Eco Vista: Building a Transition Town in a Student Community in California

“Eco Vista” was the name chosen in 2017 by a group of students at the University of California, Santa Barbara acting together with long-time community members to describe their vision of turning their rather unusual community of Isla Vista into an ecovillage in the next ten years.  Unusual because 23,000 people live together in an area of just .54 square miles, with eighty percent of them between the ages of 18 and 24.

World Carfe – Transition Towns in Japan

Before the triple disasters of March 11, 2011 most people had to be persuaded that transition was important. Now, the questions are about how – not about why. The organizers work consciously with excitement and joy. “I love what I am doing, and it attracts others.” Work always begins at a small scale and then travels through friendship. “People who are sympathetic to the idea of transition are attracted to ideas about new ways of living. There’s a combination of sympathy and passion – transition is not something to be pushed. It is something people feel. Of course, as we work, there are many failures, but that’s okay — we continue to make joy.”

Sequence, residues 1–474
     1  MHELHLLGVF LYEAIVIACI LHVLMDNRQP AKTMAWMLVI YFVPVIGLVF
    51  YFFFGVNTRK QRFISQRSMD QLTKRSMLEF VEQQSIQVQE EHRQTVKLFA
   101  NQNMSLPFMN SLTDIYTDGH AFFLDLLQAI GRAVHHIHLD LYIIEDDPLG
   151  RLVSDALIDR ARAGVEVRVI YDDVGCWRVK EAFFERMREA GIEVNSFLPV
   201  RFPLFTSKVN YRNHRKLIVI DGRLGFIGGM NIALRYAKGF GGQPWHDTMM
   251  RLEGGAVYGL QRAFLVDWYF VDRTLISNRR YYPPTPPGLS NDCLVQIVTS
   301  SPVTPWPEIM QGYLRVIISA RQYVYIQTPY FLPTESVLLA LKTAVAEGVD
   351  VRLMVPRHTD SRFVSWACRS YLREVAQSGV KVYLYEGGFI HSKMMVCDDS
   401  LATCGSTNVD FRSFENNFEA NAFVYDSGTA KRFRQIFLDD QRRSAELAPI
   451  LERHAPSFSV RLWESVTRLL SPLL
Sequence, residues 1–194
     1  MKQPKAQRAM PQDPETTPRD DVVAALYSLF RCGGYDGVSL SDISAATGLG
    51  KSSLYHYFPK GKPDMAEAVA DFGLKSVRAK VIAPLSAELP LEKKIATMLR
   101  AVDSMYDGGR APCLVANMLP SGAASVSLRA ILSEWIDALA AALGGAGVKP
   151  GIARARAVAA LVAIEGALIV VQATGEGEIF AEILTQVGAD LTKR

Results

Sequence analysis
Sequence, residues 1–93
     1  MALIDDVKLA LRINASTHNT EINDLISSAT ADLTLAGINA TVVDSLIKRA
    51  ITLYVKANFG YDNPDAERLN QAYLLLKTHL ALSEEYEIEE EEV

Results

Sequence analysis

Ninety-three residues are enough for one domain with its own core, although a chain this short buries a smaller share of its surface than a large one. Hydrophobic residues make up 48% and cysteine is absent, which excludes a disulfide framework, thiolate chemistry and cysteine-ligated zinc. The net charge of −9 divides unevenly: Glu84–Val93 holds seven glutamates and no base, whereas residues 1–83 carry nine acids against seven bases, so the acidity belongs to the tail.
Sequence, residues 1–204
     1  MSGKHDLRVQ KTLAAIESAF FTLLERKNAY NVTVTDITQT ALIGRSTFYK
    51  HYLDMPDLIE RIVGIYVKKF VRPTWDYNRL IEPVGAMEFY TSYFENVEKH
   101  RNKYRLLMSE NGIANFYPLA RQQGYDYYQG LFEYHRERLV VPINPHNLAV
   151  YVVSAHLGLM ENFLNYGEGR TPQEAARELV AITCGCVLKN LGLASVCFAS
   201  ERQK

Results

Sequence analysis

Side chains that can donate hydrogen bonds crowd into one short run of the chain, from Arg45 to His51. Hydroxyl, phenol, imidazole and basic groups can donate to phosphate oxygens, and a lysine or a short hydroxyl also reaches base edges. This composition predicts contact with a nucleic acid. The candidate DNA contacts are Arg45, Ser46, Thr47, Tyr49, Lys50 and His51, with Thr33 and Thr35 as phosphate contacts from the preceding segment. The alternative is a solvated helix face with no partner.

Bring Transition Town-style Sharing to your Community

Inspired by the idea of building resilience around local, grassroots economies in response to peak oil and climate change, the transition movement has evolved into a global network of cities, towns, and neighborhoods that self-organize around the principles not only of reducing CO2 emissions but doing it by fostering happy, healthy, and creative communities.

Towards Transition Glasgow is five years young – Part 1

Sometimes it seems that not much has changed in Glasgow over the five years since the Transition energy first took hold yet I and many of my fellow Transition’ers do experience a difference in what’s happening around the city. So how much of this change is to do with Transitions presence and how do you evaluate its effect on a city or community over time?